Your SMSF bank account and assets must be separate from your individual bank account, or those of its members. If at any point SMSF-related expenses are paid from other bank accounts, it’s important to notify the ATO as soon as possible, to ensure proper compliance is followed. Failure to do so can result in penalties and the loss of SMSF tax concessions.

Providing loans or financial assistance to SMSF members

Under no circumstances is money from your SMSF to be used for any purpose other than acting as your superannuation fund. This contravenes strict SMSF compliance regulations. Like the other common mistakes, this can result in penalties and loss of tax concessions.

The result of non-compliance

The ATO has a number of steps it takes to address non-compliance in SMSF trustees, including:

  1. Education direction to ensure proper knowledge of SMSF practices
  2. Administrative fines
  3. Rectification direction to ensure the issue is adequately resolved
  4. Disqualification of the trustee
  5. Civil and criminal penalties
  6. Notice of non-compliance, which removes the SMSF tax concession. Your tax rate then rises to the highest marginal tax rate, and all tax concessions granted in previous years are paid back to the ATO.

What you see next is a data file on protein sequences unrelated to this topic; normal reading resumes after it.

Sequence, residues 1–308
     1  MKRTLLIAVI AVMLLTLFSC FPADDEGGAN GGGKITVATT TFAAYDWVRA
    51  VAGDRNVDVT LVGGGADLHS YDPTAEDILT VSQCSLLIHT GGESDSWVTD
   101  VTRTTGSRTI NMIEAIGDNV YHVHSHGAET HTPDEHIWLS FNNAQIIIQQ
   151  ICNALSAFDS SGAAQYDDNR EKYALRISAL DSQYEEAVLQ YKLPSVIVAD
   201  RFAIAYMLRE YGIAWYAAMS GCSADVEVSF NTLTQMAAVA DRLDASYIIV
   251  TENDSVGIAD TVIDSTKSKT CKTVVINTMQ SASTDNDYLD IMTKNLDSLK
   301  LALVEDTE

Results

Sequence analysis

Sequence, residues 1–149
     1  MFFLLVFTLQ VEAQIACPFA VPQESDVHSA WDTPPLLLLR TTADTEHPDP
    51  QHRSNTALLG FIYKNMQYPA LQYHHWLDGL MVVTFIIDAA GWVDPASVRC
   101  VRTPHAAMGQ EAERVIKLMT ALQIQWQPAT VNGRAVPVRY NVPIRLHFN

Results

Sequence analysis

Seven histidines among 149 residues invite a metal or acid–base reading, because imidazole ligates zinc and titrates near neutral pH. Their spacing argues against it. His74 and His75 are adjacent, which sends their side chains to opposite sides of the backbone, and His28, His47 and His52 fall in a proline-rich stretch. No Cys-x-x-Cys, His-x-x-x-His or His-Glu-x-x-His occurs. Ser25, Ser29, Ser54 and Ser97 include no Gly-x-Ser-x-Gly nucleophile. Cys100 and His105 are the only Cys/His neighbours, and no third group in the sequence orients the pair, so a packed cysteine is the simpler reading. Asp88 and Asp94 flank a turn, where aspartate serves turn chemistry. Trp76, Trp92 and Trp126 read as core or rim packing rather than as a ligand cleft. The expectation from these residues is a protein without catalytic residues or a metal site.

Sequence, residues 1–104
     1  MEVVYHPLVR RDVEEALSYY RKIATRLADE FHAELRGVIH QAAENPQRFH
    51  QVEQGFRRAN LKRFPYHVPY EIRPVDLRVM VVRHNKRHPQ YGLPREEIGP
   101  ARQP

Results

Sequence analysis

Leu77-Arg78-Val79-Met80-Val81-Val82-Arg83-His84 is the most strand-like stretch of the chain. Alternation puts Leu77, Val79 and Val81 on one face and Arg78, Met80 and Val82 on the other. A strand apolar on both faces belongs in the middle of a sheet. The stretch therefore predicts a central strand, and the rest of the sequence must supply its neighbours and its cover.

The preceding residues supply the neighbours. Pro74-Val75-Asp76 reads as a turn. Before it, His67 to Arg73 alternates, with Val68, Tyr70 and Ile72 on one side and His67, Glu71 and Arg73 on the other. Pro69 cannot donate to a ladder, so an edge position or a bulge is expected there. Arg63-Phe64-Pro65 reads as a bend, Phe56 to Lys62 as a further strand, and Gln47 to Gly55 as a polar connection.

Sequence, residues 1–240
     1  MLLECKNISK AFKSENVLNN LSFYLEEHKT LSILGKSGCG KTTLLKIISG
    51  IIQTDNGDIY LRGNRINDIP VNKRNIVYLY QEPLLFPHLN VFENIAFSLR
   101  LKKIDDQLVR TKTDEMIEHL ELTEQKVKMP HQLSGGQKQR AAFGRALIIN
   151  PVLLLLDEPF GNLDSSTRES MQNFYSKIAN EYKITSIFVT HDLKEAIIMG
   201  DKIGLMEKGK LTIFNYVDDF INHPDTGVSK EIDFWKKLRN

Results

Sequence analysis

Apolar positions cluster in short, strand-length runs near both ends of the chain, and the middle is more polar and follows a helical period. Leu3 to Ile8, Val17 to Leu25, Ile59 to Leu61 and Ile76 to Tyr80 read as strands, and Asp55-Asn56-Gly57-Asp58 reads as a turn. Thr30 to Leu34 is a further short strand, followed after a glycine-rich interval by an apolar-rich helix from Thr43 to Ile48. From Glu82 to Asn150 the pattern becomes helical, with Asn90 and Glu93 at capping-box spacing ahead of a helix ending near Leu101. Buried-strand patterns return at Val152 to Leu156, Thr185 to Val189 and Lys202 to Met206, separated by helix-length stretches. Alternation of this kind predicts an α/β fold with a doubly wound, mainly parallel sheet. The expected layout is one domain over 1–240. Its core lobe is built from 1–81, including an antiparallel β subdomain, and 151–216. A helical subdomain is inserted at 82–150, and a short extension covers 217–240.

But remember: mistakes happen

Despite the strict nature of adhering to your SMSF tax obligations, it’s important to remember that mistakes can happen. You might accidentally make a payment using the wrong account, or a member may access your fund in error.

In these circumstances, you can work with your accountant to resolve any errors directly with the ATO. This ensures it doesn't become an issue, and you can rectify the error as soon as possible.

The most important thing for trustees to remember

important thing for trustees to remember

The most important thing for trustees is to remember to be active in the management of their SMSF. This means you must communicate with your accountant to ensure you stay compliant with the ATO, and remain up to date with any new regulation.

You don’t need to know every law, your accountant is there to advise on the legal aspects of your fund. But you shouldn’t be completely hands-off—it’s called a ‘self-managed’ superannuation fund for a reason.

To stay in control of your funds, it’s a good idea to meet with your SMSF accountant at least once a year to review your SMSF tax obligations. This allows you to keep aware of any changes in the market, and any new obligations required of SMSF trustees.

As a trustee, you and your adviser should continually reassess the circumstances of your fund, and its members, and respond accordingly. This includes:

  • Regularly reviewing and amending your trust deed, investment strategy, and investment portfolio.
  • Revisiting members’ personal circumstances (such as bankruptcy, overseas travel, loss of mental capacity, or relationship breakdown between members of the fund) and understanding the impact of these on the fund.
  • Monitoring members’ retirement plans and understanding what will change when one or more members are ready to retire.